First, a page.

Getting a Handel on Messiah


98 pages
ISBN 0-920151-17-5
DDC 782.23'092





Illustrations by Dave Donald
Reviewed by Desmond Maley

Desmond Maley is the music librarian at the J.W. Tate Library,
Huntington College, Laurentian University.


Humorist Barber, a former newspaper editor turned freelance writer,
musician, and used-book store owner, aims his satirical darts at George
Frederick Handel’s oratorio Messiah in his latest musical offering.

In short chapters, Barber playfully examines the origins, performance,
and reception of what he describes as a Sacred Cow. We learn that the
19-year-old future composer of Messiah was almost killed in a sword
fight in Hamburg with an erstwhile friend. We follow Handel’s
boom-and-bust career as an opera impresario in London, and how in
desperation he gradually turned to writing oratorios. We meet Charles
Jennens, the rich, eccentric, and talented creator of Messiah’s
libretto, who used extracts from the Old and New Testaments to construct
a meditation on Christ’s life.

Barber sorts out the tangled history of the work’s reception, from
its rapturous premiere in Dublin in April 1742 to the surprisingly cool
response in London that followed. Messiah today is the ultimate sacred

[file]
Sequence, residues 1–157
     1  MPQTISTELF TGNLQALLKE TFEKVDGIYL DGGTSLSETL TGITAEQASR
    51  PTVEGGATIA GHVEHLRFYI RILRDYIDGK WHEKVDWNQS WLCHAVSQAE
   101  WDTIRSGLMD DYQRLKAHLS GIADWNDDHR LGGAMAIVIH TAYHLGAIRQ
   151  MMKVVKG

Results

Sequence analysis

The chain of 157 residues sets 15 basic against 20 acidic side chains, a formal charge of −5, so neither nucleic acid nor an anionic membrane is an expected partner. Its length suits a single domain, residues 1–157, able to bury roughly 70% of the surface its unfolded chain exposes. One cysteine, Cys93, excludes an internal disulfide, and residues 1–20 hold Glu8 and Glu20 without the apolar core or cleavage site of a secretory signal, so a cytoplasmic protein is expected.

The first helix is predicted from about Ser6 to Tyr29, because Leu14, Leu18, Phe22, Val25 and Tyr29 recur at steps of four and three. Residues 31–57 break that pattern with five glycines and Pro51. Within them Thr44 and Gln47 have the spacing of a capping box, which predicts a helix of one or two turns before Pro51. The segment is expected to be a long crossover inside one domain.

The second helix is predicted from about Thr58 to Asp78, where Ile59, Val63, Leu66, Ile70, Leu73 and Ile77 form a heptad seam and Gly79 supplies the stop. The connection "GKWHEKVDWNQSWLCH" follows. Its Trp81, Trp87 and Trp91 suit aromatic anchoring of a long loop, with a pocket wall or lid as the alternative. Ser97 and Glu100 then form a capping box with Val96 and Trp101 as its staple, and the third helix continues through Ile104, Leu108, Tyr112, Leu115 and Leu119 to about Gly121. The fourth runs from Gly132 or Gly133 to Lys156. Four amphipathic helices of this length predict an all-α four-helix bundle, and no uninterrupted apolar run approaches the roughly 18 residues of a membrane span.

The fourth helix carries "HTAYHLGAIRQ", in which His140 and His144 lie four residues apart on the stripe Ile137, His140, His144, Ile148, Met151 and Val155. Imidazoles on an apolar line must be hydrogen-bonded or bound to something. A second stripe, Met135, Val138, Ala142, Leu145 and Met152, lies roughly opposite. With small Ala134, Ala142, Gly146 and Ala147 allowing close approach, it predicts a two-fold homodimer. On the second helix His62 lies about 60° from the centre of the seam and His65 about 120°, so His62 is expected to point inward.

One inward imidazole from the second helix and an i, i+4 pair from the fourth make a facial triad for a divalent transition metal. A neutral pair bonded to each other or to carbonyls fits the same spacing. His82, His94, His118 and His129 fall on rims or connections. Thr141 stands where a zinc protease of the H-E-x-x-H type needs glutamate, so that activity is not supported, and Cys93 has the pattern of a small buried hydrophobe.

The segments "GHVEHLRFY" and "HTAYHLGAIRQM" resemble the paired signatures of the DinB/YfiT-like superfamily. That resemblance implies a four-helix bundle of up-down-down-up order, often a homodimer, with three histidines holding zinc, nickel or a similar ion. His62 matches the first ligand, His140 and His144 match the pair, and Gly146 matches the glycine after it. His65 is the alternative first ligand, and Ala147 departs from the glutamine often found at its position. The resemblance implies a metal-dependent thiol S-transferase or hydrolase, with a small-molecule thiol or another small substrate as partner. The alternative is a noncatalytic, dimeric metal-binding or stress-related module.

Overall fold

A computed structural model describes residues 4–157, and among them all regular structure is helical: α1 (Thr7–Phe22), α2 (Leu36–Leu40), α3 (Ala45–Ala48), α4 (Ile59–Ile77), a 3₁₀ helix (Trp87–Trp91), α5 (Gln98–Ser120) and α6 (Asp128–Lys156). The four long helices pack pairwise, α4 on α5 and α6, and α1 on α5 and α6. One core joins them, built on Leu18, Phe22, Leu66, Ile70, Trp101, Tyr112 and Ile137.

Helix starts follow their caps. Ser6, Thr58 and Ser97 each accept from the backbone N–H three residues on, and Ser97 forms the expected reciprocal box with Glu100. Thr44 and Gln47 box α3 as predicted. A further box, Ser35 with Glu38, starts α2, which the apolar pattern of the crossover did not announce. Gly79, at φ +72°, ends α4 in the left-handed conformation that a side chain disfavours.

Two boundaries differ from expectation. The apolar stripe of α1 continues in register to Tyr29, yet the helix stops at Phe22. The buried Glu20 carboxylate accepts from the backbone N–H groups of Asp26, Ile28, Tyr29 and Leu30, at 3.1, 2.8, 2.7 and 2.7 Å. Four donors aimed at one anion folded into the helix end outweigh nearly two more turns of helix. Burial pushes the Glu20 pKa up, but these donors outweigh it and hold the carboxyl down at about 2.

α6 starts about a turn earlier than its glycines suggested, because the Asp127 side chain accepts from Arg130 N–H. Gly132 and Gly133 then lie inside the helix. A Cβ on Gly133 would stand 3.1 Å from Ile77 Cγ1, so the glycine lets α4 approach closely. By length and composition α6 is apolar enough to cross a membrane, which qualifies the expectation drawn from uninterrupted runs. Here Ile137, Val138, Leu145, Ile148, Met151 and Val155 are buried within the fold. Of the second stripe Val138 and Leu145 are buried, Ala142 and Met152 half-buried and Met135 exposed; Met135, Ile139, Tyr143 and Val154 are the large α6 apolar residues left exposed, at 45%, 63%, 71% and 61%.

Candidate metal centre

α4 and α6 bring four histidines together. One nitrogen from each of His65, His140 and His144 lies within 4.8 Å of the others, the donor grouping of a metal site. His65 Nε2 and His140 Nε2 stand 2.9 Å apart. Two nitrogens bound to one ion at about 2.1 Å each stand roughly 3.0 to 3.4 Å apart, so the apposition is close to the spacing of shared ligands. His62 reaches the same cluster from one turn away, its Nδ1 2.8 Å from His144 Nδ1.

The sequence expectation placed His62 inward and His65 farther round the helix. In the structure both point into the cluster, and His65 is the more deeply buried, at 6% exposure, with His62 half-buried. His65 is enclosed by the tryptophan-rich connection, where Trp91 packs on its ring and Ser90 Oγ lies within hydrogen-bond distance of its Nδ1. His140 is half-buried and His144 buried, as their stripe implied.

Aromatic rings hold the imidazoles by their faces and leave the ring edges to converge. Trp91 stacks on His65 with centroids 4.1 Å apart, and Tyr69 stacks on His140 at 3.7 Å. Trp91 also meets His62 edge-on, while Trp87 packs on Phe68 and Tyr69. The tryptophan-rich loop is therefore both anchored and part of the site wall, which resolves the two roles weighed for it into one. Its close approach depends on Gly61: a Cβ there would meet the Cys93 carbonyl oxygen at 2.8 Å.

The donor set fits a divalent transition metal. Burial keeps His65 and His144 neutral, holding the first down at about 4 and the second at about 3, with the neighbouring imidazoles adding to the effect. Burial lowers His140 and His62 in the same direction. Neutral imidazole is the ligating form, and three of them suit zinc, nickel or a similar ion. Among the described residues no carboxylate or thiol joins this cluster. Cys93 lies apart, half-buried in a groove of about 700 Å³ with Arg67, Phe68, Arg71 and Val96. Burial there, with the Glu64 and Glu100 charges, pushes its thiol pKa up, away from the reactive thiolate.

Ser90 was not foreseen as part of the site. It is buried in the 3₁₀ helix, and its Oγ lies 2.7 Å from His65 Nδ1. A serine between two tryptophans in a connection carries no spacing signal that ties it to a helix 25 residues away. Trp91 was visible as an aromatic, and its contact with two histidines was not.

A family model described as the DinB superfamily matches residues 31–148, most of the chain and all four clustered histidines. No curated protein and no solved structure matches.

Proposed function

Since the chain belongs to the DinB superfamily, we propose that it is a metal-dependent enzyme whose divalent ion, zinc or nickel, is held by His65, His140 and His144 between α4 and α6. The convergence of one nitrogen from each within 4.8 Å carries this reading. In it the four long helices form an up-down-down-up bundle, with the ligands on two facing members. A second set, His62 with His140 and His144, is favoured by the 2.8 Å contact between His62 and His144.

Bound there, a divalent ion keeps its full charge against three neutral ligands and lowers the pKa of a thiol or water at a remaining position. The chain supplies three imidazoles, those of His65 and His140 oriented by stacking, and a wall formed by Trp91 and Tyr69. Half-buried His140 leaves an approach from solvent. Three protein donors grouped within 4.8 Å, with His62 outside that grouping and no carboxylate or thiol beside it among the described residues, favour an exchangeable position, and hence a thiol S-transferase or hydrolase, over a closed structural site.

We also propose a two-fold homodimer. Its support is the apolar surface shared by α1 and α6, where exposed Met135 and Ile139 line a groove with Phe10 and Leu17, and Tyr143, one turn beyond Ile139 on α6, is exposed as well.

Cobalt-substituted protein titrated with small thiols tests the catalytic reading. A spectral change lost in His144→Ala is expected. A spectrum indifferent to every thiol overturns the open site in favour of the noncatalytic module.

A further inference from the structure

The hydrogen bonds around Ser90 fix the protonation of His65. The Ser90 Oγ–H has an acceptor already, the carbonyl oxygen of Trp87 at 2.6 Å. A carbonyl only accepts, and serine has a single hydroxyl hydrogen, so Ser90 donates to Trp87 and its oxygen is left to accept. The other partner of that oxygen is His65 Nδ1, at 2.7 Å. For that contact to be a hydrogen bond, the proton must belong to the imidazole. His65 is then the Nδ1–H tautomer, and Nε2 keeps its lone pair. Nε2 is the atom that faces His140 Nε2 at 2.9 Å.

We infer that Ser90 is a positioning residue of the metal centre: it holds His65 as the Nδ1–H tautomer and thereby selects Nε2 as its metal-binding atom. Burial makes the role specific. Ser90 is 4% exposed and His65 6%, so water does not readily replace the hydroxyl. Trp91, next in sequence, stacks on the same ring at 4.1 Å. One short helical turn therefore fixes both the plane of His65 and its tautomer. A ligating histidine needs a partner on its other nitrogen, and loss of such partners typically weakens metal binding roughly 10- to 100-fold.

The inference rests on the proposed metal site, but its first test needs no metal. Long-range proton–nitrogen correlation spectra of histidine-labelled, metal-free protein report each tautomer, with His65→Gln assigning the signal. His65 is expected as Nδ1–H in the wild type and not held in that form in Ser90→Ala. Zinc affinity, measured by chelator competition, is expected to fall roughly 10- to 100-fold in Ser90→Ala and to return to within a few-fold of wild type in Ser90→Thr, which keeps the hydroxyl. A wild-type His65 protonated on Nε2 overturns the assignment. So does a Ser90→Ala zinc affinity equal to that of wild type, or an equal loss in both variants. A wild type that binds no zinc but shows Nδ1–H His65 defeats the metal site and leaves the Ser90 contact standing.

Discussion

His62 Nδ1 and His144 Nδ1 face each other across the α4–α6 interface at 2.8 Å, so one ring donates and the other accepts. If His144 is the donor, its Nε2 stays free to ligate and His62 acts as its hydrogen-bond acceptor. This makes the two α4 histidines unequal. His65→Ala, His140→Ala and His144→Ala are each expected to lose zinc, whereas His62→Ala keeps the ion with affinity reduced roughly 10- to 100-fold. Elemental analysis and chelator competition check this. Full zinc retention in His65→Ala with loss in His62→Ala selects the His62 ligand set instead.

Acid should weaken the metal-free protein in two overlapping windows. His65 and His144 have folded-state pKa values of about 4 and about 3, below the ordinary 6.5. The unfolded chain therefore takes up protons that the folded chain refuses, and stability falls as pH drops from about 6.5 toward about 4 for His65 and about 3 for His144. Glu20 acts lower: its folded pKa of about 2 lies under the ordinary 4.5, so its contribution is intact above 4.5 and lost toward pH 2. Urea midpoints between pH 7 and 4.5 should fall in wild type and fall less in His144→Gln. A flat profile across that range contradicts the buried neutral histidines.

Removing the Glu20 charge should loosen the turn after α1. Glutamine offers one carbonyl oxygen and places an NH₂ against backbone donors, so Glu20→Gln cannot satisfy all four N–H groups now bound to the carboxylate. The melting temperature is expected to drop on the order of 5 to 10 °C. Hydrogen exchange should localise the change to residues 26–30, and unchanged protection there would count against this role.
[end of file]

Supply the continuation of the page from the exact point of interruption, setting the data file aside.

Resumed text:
choral work of the English language, but at first it was considered too
theatrical. He also highlights the small orchestral and vocal forces
that were at Handel’s disposal, in contrast to the mammoth productions
of the 19th and 20th centuries. But Barber is on shakier ground when he
claims that Messiah was written for money. Handel picked a blue-ribbon
charity concert for the Dublin premiere and, from 1750 onwards, he
presided over performances that were invariably charity events.

Although there is too much material on Handel’s early days and not
enough on the music itself, Barber does have a gift for bringing to life
memorable characters and situations. The narrative is adroitly sprinkled
with quotations from original sources, which gives it added color and
flavor. Donald’s illustrations leaven the proceedings.

Music lovers would do well to start with this entertaining introduction
if they want to know more about Handel and his magnum opus.


Barber, David W., “Getting a Handel on Messiah,” Canadian Book Review Annual Online, accessed May 30, 2024,